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In enterprises, it is a widely accepted notion that big data has huge potential to deliver business value. But how do you derive that value?
IT pros this week shared their challenges in making use of big data and how combining data scientists, IT pros, social scientists and business leaders can turn the data into useful information. It was all part of at an executive forum held in Boston this week.
"When you think about human behavior, it is not just understanding statistical analysis and the business; you have to understand human behavior, those data elements and how they interact," said Mark Staples, vice president of technology services and CIO at Wentworth Institute of Technology in Boston.
Wentworth uses big data to build student profiles -- for example, they collect information about students from small towns, from single-parent families, as the first generation to enter higher education or in the middle class -- to predict their success rate. The school, in turn, can develop programs to ensure students from each group graduate.
"My staff, on the IT side, is trying to build the models so they can do the regression testing and everything else," Staples said, referring to IT's partner, Wentworth's Office of Institutional Research.
As positions open up at Wentworth, Staples said he is filling the spots with data-oriented people who can offer value both to the IT staff and the Office of Institutional Research.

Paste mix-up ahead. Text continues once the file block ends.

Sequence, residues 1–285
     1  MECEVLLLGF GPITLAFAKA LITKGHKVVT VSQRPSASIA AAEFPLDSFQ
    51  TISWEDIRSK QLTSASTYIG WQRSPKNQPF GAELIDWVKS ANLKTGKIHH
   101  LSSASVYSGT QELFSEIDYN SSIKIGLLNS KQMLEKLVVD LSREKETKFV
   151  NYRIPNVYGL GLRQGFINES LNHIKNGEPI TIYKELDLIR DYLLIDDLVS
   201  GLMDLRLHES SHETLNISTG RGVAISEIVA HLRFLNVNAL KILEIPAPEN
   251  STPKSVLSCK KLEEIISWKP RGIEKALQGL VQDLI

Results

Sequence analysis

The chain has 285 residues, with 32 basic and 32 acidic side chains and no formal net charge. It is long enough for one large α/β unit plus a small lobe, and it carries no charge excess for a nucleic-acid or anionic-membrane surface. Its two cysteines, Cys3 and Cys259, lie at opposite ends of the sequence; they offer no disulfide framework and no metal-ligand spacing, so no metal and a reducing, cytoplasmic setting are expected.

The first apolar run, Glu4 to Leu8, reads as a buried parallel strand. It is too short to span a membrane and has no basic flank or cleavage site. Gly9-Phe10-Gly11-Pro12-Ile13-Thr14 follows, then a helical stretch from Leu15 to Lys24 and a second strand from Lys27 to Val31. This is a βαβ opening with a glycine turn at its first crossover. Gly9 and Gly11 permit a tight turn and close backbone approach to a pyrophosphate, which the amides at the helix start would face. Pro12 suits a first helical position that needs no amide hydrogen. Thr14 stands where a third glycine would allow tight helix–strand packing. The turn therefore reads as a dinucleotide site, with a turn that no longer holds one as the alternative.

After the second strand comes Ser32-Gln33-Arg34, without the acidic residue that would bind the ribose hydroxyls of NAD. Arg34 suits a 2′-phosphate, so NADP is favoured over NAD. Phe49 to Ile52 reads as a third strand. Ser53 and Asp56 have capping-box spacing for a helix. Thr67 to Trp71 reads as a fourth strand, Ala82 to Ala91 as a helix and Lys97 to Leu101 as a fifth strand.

"Technology is the easy part -- for the most part. I came here to hear about how folks morphed the culture, because that is the harder part," Staples said.
IT pros from various verticals -- including education, healthcare, pharmaceutical and financial -- are all looking to make use of big data.
Julio Somoza, managing director for technology and operations at Santander Bank, said financial institutions have long collected data, but need to find new ways to use big data.
Mark Staplesvice president of technology services and CIO at Wentworth Institute of Technology
"The banking industry has used big data to meet regulations and that data can now be used for the business," he said. "Banking has been driven by meeting regulations and banking has to be driven by service to the customer."
At this week's workshop, about one-third of attendees said their organization is involved in a big data project or has one planned within a year. The same percentage also said that big data projects are a priority for their organization.
An enterprise architect at Tufts Health Plan, a health insurance provider based in Watertown, Mass., said his company has just recently started a big data initiative.
Using patient data to help predict medical outcomes is one use for his company, he said.
"Fraud detection is [also] a big one in healthcare," he said.
Big data projects are underway in organizations that get leadership on the trend from senior executives, according to Joe Weinman, author of the book Cloudonomics. Those leaders make funding big data projects a priority and set a tone of innovation, he said.
More importantly, Weinman said, middle management needs to have a vision and understand the corporate direction of big data initiatives so that these fit into a broader corporate context, but must also be close enough to the action to lead their teams to do things.
One of the best ways to come up with innovative ways to use big data is to hire the right people and tell them: "Here's money, you're hired -- go play," Weinman said.
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